When the Plague Hit Zürich
Shortly after Reformer Ulrich Zwingli became pastor in Zürich, the city was hit by the plague. Zwingli showed his courage by giving no thought to his own safety, but staying in Zürich and ministering selflessly to the highly contagious victims. He himself was soon struck down with the plague and nearly died. While in the grip of this debilitating illness, Zwingli wrote “The Song of the Plague” in which he shows a vibrant faith in the all sufficiency of God’s grace in Christ Jesus:
The Song of the Plague
“Help me, O Lord, my strength and rock; lo at the door I hear death’s knock.
Uplift Thine arm once pierced for me; that conquered death and set me free.
Yet if Thy voice in life’s midday, recalls my soul, then I obey.
In faith and hope earth I resign, secure of Heaven, for I am Thine.
My pains increase; haste to console; for fear and woe seize body and soul.
Death is at hand, my senses fail, my tongue is dumb; Now, Christ, prevail.
Lo! satan strains to snatch his prey; I feel his grasp; must I give way?
He harms me not, I feel no loss, for here I lie beneath Thy Cross.
My God! My Lord! Here by Thy hand, upon the earth once more I stand.
Let sin no more rule over me; my mouth shall sing alone to Thee.”
Revival Sweeps Zürich
Zwingli recovered from this ordeal, his faith deepened and matured, his mind resolute. He called the people to return to the Bible as the sole standard of Faith and practice, to recognise Christ as the only true Head of the Church. Zwingli attacked unbelief, superstition and hypocrisy. Eagerly he strove after repentance, applying Christ’s Lordship to all areas of life, in Christian love and faith. He emphasized the need to care for and protect widows and orphans, to maintain law and uphold justice.
Zwingli was concerned that our personal Christian faith and love also result in justice established by the laws of the community. At the heart of the Swiss Reformation was a dynamic sense of Christian community. The Church is a genuine community, one in body and spirit, having the grace of Christ in common and bearing the fruit of the Spirit, the fruit of Christ and the Spirit of God. This unity must extend beyond matters of the spirit to social concern for the entire community, taught Zwingli.
As Zwingli systematically preached through every Book in the New Testament, he laid the foundations for the Reformation in Switzerland. Zwingli urged the people to productive labour: “You are a tool in the Hands of God. He demands your service… how fortunate you are that He lets you take part in His work.”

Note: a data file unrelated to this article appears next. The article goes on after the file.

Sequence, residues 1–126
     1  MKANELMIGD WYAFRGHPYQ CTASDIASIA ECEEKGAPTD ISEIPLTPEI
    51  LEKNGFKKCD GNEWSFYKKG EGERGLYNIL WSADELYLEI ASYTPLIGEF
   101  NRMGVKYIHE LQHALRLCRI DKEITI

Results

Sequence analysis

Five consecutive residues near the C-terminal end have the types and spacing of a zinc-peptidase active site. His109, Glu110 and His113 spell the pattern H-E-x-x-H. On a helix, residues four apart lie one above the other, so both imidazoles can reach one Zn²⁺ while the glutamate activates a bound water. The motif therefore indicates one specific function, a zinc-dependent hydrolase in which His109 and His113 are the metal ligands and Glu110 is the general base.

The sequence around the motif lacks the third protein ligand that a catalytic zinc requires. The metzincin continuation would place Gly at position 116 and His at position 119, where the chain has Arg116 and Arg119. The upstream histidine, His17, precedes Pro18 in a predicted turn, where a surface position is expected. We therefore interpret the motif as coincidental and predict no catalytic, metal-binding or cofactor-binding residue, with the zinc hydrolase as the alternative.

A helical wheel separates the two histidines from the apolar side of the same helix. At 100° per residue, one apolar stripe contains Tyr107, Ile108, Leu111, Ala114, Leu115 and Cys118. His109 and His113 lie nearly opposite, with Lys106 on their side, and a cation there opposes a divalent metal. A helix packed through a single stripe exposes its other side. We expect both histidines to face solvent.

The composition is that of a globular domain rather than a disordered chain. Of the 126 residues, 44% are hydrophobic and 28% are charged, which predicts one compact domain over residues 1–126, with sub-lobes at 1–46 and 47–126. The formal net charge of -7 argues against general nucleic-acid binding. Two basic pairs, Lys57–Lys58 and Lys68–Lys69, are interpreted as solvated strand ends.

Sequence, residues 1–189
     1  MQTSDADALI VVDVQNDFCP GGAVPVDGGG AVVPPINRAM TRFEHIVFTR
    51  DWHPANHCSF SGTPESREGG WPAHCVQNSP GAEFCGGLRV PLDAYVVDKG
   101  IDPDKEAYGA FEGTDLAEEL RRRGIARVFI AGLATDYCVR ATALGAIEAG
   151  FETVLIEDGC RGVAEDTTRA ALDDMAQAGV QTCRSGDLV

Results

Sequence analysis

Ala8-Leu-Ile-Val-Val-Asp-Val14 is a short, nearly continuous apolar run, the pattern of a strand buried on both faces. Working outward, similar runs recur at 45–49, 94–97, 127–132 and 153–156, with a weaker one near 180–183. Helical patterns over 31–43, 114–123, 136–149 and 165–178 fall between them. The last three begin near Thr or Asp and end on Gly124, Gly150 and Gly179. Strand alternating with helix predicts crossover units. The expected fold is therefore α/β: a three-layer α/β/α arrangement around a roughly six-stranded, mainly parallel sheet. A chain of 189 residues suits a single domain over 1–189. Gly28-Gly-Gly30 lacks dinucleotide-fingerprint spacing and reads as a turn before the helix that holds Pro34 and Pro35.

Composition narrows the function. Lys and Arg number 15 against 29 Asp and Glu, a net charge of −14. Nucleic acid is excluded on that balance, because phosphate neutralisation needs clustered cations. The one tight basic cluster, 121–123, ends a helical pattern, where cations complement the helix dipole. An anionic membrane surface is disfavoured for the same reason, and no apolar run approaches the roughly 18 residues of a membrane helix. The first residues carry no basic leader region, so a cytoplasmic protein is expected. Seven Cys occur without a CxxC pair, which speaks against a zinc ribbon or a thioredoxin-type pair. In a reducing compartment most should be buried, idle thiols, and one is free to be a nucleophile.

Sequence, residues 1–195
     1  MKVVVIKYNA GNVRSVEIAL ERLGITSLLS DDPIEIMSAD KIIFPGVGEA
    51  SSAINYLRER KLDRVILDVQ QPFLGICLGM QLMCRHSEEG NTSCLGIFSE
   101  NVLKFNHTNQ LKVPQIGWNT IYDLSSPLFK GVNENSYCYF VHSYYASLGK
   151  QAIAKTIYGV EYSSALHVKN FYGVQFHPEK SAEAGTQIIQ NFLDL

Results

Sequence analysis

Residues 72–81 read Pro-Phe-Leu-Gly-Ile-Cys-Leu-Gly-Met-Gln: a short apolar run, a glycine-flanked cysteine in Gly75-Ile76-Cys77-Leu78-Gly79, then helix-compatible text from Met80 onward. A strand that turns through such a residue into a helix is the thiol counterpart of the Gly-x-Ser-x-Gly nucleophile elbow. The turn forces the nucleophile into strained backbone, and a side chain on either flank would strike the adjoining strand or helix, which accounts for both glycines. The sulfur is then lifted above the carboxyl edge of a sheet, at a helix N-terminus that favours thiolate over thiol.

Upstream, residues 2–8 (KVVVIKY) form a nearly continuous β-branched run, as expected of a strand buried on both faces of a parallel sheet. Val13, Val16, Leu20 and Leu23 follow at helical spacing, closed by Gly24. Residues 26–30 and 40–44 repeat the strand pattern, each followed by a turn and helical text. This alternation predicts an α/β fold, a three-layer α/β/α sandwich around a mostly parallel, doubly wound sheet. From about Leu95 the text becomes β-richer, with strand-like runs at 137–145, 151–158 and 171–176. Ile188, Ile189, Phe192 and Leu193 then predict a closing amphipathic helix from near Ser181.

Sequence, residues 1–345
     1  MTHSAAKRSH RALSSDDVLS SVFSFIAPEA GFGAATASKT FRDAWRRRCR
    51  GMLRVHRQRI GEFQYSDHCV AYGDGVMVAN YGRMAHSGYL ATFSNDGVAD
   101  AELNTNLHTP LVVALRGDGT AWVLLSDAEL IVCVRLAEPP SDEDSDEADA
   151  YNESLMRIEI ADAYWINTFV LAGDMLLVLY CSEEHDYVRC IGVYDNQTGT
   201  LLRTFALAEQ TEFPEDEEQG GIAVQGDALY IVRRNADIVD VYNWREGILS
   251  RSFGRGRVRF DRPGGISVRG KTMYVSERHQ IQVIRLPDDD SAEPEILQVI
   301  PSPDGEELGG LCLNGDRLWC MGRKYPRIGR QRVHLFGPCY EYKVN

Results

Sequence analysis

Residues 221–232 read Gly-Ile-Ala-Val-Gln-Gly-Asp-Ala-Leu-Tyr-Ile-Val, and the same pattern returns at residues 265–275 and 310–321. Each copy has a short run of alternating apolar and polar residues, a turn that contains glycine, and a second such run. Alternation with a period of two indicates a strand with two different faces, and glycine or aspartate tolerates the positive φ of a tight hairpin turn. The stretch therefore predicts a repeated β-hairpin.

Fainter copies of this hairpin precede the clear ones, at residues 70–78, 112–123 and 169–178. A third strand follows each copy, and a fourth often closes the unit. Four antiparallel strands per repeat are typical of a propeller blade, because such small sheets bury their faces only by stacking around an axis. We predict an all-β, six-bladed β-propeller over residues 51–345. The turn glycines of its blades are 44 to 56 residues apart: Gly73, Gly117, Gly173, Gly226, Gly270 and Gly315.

Physical Sickness is a Picture of Sickness of the Soul
Zwingli compared the moral sickness and spiritual death of sin to the plague, which had killed one out of every three people in Zürich. He compared their physical recovery to health to the need for spiritual Reformation of church and society.
The Word of God is Invincible
Zwingli compared the Word of God to the mighty Rhine River that flowed out of the Alps: “For God’s sake, do not put yourself at odds with the Word of God. For truly, it will persist as surely as the Rhine follows its course. One can possibly dam it up for a while, but it is impossible to stop it.”
A Solemn Duty
Zwingli took his pastoral duties most seriously, writing that they “inspired in me more fear than joy, because I knew and I remain convinced, that I would give an account of the blood of the sheep which would perish as a consequence of my carelessness.”
An Enduring Legacy
Zwingli’s successes and sacrifices were effectively built upon by his successor Heinrich Bullinger, who from 1531 to 1575 served as pastor in Grossmünster. Until the founding of the Geneva Academy by John Calvin in 1559, the Carolinum in Zürich was the only Theological College in Europe where students could study Reformed Theology. The Academy in Geneva and universities of Heidelberg and Holland, built upon the good foundations laid in Zürich. The English Prayer Book, The 39 Articles and the Puritan emphasis on Head and Heart, Doctrine and Devotion, as well as the Reformed Episcopacy, adopted by the Church of England, were all built upon the teachings of Ulrich Zwingli and Heinrich Bullinger - which English exiles learned during their time in Zürich. Bullinger, Farel, Viret, Calvin and Beza all consolidated and continued the Reformation begun by Ulrich Zwingli.
“For to me, to live is Christ and to die is gain.”Philippians 1:21
Dr. Peter Hammond
P.O. Box 74 Newlands 7725
Cape Town South Africa
This article has been adapted from a chapter in The Greatest Century of Reformation book, which is available from
Christian Liberty Books,
P.O. Box 358,
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